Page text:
Authors
Jenann Ismael
Columbia University
Abstract
Human beings think of themselves in terms of a privileged non-descriptive designator — a mental “I”. Such thoughts are called “de se” thoughts. The mind/body problem is the problem of deciding what kind of thing I am, and it can be regarded as arising from the fact that we think of ourselves non-descriptively. Why do we think of ourselves in this way? We investigate the functional role of “I” (and also “here” and “now”) in cognition, arguing that the use of such non-descriptive “reflexive” designators is essential for making sophisticated cognition work in a general-purpose cognitive agent. If we were to build a robot capable of similar cognitive tasks as humans, it would have to be equipped with such designators. Once we understand the functional role of reflexive designators in cognition, we will see that to make cognition work properly, an agent must use a de se designator in specific ways in its reasoning. Rather simple arguments based upon how “I” works in reasoning lead to the conclusion that it cannot designate the body or part of the body. If it designates anything, it must be something non-physical. However, for the purpose of making the reasoning work correctly, it makes no difference whether “I” actually designates anything. If we were to build a robot that more or less duplicated human cognition, we would not have to equip it with anything for “I” to designate, and general physicalist inclinations suggest that there would be nothing for “I” to designate in the robot. In particular, it cannot designate the physical contraption. So the robot would believe “I exist”, but it would be wrong. Why should we think we are any different?
Keywords No keywords specified (fix it)
Categories (categorize this paper)
Options
Edit this record
Mark as duplicate
Export citation
Find it on Scholar
Request removal from index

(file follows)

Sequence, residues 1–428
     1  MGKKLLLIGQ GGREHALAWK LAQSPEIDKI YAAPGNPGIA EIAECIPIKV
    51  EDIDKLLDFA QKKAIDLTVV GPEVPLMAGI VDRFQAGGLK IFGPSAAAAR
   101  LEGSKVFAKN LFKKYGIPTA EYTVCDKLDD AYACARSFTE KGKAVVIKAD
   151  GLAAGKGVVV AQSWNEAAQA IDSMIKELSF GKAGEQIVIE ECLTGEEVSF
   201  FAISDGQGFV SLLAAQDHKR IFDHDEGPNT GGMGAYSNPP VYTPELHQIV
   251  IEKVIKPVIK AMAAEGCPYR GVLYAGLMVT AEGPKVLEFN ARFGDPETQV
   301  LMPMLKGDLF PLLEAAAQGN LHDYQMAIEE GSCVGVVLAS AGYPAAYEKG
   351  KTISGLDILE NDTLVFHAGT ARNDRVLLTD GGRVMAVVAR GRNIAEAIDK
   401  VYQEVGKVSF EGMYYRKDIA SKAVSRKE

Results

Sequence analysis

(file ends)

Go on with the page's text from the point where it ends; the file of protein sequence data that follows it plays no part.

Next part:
Translate to english
Revision history

Download options

PhilArchive copy


Upload a copy of this paper     Check publisher's policy     Papers currently archived: 59,700
External links

Setup an account with your affiliations in order to access resources via your University's proxy server
Configure custom proxy (use this if your affiliation does not provide a proxy)
Through your library

References found in this work BETA

No references found.

Add more references

Citations of this work BETA

The Moral Insignificance of Self‐Consciousness.Joshua Shepherd - 2016 - European Journal of Philosophy 24 (4).
What Am I?: Virtual Machines and the Mind/Body Problem.John Pollock - 2008 - Philosophy and Phenomenological Research 76 (2):237-309.

Add more citations

Similar books and articles

Embodied Cognition.A. Wilson Robert & Foglia Lucia - 2011 - Stanford Encyclopedia of Philosophy.
黑格尔认识论和本体论的根本错 误以及我的新的本体论和认识论.DongKai Li - 2008 - Proceedings of the Xxii World Congress of Philosophy 34:73-84.
Irrationality and Cognition.John Pollock - 2008 - In Quentin Smith (ed.), Epistemology: New Essays. Oxford University Press.
Oscar.John L. Pollock - 1996 - Journal of Applied Non-Classical Logics 6 (1):89-113.
You and I, Robot.Shaun Gallagher - 2013 - AI and Society 28 (4):455-460.
Embodiment and Cognitive Science.Raymond W. Gibbs - 2005 - New York ;Cambridge University Press.
Making Robots Conscious of Their Mental States.John McCarthy - 1996 - In S. Muggleton (ed.), Machine Intelligence 15. Oxford University Press.
The Practical Requirements for Making a Conscious Robot.Daniel C. Dennett - 1994 - Philosophical Transactions of the Royal Society 349:133-46.

Analytics

Added to PP index
2010-12-22

Total views
68 ( #151,571 of 2,432,328 )

Recent downloads (6 months)
7 ( #97,271 of 2,432,328 )

How can I increase my downloads?

Downloads

My notes